High-speed US rail network: feasible, or science fiction?

They call it ''Rail America,'' and it is probably more ambitious than the Interstate Highway System, that is now approaching completion after 27 years of work and more than $80 billion.

But Northrop Services Inc., the think tank that conceived Rail America, says that without it, the nation's transportation system will slow to a crawl by the turn of the century.

With Rail America, Northrop planners say, the nation's economy would be reignited, freight and passengers would have a high-speed alternative for reaching their destinations, and the US transportation system would run far more efficiently.

That's a tall order, and some planners see it as science fiction. They say the proposal is too vast to be feasible. Regional high-speed rail systems are fine, these planners say, but a coast-to-coast system is unnecessary and too expensive to pay for itself.

But Northrop engineers say the system could work with technology already developed and waiting on the shelf to be used. They know the plan must be validated before it can be considered seriously.

They hope that the wave of interest in high-speed rail, with systems being planned in at least 11 states, will move political, social, and business opinion in their direction.

What they envision is a 21,000-mile grid system of high-speed rail tracks that would crisscross the United States north and south, and east and west. Riding those rails would be the latest generation of electric-powered trains that could travel at speeds at least 160 miles per hour or perhaps more than 250 m.p.h. The system would take 20 to 30 years to build, and would cost - very roughly - $10 billion a year.

The trains would carry passengers and light cargo - no coal or phosphate. Below the tracks in underground passageways would be a right-of-way open for anything from transcontinental electronic mail service to water pipes.

Having an integrated service of freight, passengers, and underground right-of-way would make the system attractive to private investment, Northrop executives say. It would have more chance of being profitable than a system that catered to just one of those transportation needs.

Cargo that takes at least 12 days to cross the country now on conventional rail lines could arrive in two days on Rail America, Northrop predicts. And people wanting to travel 200 or 300 miles between cities would not have to drive their own cars or take a short hop in an airplane. They would catch the next train and arrive within two hours.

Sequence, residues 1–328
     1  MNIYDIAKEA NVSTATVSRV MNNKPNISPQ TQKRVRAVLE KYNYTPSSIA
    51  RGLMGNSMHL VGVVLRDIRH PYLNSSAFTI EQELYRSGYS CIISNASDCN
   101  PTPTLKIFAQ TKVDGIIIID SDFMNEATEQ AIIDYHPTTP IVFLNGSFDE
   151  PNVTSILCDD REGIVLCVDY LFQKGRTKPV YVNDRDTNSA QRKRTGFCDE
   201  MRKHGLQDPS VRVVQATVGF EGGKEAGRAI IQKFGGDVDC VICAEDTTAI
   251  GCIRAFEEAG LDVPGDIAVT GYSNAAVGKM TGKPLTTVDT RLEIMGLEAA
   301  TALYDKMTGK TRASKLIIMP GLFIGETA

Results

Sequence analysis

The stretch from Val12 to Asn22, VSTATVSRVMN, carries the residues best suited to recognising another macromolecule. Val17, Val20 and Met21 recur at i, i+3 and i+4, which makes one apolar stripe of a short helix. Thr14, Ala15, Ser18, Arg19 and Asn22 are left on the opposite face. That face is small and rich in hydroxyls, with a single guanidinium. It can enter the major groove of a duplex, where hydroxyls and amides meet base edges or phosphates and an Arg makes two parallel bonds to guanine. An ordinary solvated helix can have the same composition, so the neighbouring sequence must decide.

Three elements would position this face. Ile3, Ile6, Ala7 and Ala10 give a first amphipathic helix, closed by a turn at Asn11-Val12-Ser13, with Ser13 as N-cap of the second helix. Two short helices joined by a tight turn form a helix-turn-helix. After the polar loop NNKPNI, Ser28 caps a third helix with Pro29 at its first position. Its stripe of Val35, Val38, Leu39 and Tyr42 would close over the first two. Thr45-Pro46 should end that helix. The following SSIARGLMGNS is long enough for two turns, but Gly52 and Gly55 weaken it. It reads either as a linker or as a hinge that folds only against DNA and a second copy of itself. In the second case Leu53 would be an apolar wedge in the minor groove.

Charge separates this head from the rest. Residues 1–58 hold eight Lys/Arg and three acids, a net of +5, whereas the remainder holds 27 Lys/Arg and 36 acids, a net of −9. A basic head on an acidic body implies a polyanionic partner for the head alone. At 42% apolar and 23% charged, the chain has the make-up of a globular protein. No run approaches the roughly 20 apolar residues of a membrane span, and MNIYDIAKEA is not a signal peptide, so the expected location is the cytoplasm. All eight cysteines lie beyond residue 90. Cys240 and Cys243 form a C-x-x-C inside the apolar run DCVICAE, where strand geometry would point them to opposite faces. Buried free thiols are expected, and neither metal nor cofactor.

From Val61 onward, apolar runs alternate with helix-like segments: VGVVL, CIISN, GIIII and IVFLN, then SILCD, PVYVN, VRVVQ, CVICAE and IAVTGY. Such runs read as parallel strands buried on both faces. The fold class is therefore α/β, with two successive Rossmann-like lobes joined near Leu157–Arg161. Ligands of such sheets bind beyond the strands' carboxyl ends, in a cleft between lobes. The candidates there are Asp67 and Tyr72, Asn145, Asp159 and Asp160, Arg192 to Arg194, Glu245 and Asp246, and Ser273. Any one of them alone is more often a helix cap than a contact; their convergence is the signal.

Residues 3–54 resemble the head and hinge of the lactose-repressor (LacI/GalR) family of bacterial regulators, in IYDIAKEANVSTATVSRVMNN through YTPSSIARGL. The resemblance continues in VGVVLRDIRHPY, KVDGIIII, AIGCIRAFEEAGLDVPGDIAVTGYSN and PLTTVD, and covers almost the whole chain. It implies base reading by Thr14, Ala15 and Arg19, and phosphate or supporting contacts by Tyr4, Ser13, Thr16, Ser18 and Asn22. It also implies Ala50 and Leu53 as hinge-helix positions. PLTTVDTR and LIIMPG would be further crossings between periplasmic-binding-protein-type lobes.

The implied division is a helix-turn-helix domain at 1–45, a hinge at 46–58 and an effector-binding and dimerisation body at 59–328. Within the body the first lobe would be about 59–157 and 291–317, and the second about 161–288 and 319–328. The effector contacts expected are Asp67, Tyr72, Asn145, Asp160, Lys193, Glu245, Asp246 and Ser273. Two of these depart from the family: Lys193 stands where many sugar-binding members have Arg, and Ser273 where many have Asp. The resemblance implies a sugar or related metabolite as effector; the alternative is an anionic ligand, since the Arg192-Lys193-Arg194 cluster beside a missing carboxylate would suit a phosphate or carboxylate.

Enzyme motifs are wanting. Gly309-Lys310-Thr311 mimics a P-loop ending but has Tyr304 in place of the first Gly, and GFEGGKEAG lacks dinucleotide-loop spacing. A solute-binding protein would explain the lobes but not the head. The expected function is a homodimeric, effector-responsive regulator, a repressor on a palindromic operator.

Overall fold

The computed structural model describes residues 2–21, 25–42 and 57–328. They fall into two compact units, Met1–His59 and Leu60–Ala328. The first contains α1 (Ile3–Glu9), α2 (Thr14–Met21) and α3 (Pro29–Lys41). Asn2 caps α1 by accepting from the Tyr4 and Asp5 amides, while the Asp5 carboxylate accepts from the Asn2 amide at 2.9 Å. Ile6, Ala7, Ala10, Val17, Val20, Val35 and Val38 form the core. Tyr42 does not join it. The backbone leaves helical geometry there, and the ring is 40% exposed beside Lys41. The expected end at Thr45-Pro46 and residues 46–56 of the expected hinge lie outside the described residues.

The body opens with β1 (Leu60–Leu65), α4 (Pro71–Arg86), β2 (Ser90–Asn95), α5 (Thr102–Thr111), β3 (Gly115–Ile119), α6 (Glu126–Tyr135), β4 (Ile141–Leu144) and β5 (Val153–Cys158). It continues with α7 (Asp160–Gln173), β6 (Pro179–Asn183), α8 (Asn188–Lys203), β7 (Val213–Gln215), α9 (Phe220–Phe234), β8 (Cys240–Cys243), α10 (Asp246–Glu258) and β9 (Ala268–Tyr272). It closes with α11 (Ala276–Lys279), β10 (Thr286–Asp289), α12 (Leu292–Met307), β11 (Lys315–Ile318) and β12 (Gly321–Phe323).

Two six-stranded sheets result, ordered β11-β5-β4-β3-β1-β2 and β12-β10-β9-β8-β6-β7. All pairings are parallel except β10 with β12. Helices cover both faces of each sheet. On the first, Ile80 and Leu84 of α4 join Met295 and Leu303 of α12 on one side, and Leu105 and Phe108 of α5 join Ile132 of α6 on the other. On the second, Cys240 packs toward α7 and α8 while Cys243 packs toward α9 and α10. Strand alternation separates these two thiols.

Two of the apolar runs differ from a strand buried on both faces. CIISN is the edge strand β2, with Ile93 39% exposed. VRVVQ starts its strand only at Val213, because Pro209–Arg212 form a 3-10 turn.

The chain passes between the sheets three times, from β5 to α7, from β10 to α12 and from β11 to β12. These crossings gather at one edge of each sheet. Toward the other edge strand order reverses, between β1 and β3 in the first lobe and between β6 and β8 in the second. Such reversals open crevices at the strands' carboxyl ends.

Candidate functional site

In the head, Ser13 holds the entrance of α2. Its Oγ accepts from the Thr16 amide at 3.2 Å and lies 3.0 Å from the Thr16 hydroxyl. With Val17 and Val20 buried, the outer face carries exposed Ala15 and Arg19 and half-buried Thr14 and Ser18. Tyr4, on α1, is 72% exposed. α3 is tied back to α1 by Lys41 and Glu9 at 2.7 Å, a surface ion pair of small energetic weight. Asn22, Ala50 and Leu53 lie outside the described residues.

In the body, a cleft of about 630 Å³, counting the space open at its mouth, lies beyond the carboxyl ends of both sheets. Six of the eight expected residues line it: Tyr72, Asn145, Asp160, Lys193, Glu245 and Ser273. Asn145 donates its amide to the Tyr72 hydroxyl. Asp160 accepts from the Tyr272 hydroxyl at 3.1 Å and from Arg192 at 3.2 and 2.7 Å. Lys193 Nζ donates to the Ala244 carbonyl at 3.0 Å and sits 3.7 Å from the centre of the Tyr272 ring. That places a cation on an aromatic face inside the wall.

Trucks and cars are inefficient for trips of more than 250 miles, says James Kovach, a Northrop program development manager. And airplanes waste fuel and time on trips of less than 1,000 miles. Many highways have reached or exceeded the capacity for which they were built, he adds, and many airports will be saturated by the end of the century.

When Northrop engineers talk of railroads, they are not referring to a patch-up job of the nation's existing railroads that have been deteriorating for more than 30 years.

''We have to address this as a new mode of transportation,'' Mr. Kovach says. ''The current railroads are freight services, and you can't run high-speed trains and heavy freight trains on the same tracks.''

Northrop is suggesting an entirely new track system that would largely follow existing highway, railroad, pipeline, or power line rights-of-way.

Its engineers are talking about putting on those tracks the latest in rail technology, be it 185-m.p.h. trains, such as the French have recently completed, or 250-m.p.h. magnetic-levitation trains that now run on experimental tracks in West Germany and Japan.

Such a new system is needed, Northrop planners say, because America's present transportation network is inefficient and is getting so crowded that it will have a hard time meeting the nation's needs within the next two decades.

''If we do not already, we will in the near future have our economic growth constrained by our transportation system,'' said James Harp, Northrop's services manager of program development, at a congressional subcommittee examining advanced rail technology.

All other plans for improving the nation's transportation system are simply patch jobs, Northrop planners say, that will do little to provide for growth.

Kovach says Northrop has had trouble finding a constituency to back its plan, but after three years of peddling the idea in Washington, it's beginning to get a serious hearing.

''We think their idea is important to consider,'' says Curt Stanford, a transportation analyst for the House Committee on Science and Technology. ''The transportation subcommittee did recommend that Congress authorize a concept validation analysis to test the feasibility of the system.''

Northrop would like about $10 million from the federal government to test its concept during the next two years.

Northrop has to overcome a prejudice against railroads that has grown up with Amtrak's massive federal subsidies, Kovach says.

''The main problem is that most people have Amtrak on the mind,'' he adds. ''It's hard to get past that and focus on our total transportation problem. We would like to have people think of it as an Interstate highway system rather than Amtrak.''

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